Wea’ve Written Weekly
The W3 prompt this week, brought to us by the current Poet of the Week, Murisopsis, is to write about poverty in any poetic form, in exactly 14 lines. Go to The Skeptic’s Kaddish to link up and to read the other poets’ work. You might or might not notice I’m a syllable counter in the first poem, alternating 12-12-9/9-9-12. The second poem I experimented with septolet but had to double down to meet the requirements of this prompt. I’m not sure if septolet is meant to rhyme, but this double one does.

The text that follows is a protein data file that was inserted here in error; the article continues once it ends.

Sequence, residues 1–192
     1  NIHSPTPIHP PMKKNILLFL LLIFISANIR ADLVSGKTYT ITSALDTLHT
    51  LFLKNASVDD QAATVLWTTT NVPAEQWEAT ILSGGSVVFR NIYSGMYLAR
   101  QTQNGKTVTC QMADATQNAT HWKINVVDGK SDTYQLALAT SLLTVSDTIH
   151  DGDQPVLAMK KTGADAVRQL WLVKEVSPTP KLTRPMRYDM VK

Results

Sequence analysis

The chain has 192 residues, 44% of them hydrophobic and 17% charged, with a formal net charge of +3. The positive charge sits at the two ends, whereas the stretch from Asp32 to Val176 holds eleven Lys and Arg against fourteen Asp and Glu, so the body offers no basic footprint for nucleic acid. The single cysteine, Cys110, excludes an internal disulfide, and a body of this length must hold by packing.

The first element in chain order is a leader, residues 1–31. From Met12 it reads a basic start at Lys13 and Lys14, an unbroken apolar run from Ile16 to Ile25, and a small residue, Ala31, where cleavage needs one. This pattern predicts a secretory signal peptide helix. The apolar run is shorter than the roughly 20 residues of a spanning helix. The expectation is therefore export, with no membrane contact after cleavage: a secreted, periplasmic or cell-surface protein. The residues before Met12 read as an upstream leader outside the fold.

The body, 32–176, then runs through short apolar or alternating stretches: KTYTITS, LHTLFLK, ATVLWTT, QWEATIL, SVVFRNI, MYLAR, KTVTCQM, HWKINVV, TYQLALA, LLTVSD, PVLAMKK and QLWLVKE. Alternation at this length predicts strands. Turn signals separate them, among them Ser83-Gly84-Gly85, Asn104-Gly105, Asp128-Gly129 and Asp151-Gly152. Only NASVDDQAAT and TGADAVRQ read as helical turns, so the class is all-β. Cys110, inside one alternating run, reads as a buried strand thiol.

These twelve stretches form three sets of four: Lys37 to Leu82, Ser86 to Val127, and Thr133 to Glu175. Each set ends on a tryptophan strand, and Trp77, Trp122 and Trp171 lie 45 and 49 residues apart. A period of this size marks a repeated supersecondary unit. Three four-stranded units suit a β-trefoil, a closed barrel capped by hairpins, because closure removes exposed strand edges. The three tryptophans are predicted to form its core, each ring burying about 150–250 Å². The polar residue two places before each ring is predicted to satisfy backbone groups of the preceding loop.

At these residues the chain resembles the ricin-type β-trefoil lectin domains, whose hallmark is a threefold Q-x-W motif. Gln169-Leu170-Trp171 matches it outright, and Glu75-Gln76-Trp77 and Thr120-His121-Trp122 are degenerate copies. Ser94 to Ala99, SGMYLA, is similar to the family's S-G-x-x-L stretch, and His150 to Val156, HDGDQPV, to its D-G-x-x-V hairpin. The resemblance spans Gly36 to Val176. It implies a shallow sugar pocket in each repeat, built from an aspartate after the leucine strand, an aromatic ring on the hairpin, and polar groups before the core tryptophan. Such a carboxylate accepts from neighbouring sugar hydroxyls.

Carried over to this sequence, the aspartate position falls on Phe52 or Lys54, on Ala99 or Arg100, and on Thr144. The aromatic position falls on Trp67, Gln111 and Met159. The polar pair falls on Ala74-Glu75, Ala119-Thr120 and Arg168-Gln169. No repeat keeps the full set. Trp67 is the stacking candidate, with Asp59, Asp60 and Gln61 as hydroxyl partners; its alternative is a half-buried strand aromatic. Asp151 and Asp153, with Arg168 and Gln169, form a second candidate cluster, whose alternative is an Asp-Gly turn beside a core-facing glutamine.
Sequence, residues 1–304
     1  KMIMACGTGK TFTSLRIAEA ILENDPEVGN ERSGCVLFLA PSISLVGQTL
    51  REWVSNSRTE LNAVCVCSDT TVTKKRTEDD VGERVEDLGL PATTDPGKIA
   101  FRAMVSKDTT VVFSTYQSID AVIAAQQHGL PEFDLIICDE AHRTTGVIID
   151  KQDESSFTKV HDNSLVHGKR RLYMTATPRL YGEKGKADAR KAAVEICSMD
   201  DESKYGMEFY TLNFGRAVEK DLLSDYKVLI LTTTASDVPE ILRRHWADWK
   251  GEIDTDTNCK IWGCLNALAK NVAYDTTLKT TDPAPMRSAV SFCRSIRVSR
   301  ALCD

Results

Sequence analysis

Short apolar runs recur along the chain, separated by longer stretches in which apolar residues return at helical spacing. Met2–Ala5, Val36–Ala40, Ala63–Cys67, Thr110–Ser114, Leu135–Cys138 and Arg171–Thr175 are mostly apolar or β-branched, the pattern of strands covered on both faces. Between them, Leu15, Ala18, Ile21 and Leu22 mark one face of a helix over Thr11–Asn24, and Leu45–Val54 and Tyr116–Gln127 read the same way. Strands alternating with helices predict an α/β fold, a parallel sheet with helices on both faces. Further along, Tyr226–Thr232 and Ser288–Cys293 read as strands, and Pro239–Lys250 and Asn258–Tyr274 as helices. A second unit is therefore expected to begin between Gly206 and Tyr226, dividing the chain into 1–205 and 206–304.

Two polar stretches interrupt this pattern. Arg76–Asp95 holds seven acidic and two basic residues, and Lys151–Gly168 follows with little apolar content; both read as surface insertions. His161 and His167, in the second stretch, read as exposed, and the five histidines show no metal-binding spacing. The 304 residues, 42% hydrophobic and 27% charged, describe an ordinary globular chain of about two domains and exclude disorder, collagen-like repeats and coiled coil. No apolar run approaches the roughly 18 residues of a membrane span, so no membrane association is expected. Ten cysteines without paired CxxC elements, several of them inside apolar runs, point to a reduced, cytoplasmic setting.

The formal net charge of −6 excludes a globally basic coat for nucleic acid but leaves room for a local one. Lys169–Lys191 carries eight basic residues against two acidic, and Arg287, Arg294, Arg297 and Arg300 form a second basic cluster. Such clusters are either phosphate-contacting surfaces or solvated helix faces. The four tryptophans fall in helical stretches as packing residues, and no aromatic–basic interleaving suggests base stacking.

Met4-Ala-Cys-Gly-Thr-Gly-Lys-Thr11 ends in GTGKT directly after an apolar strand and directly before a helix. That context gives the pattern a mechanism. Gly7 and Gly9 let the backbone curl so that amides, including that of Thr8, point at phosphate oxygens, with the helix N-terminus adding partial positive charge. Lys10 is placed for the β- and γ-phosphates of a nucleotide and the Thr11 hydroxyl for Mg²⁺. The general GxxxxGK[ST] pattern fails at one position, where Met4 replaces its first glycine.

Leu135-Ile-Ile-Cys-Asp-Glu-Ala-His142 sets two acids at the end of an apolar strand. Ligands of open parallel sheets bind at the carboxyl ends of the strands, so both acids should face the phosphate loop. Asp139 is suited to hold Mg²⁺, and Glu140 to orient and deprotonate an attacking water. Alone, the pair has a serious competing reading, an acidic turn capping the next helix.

1) The Treasury and the Temple by D. Avery He’d never wished because he had never wanted about his enormous wealth he’d always vaunted But now his house he felt was haunted. He became aware of creaks and groans increasingly scared to be alone Felt he was losing command of his lifelong home At first he suppressed any suspicion or fear resisted imagining ghosts lingering here until the truth emerged, oh so clear. He discovered what money can’t buy no payments got his house exorcised and he’d have to remain in it until he died. Too late did he realize the source of true wealth and in vain did he wish for real love and good health. ************************ 2) Say by D. Avery Poor me Woe is me— words of poverty Only gratitude will bring you treasure. Say beautiful day— and it’s that way. Sunny attitude brings wealth of great measure.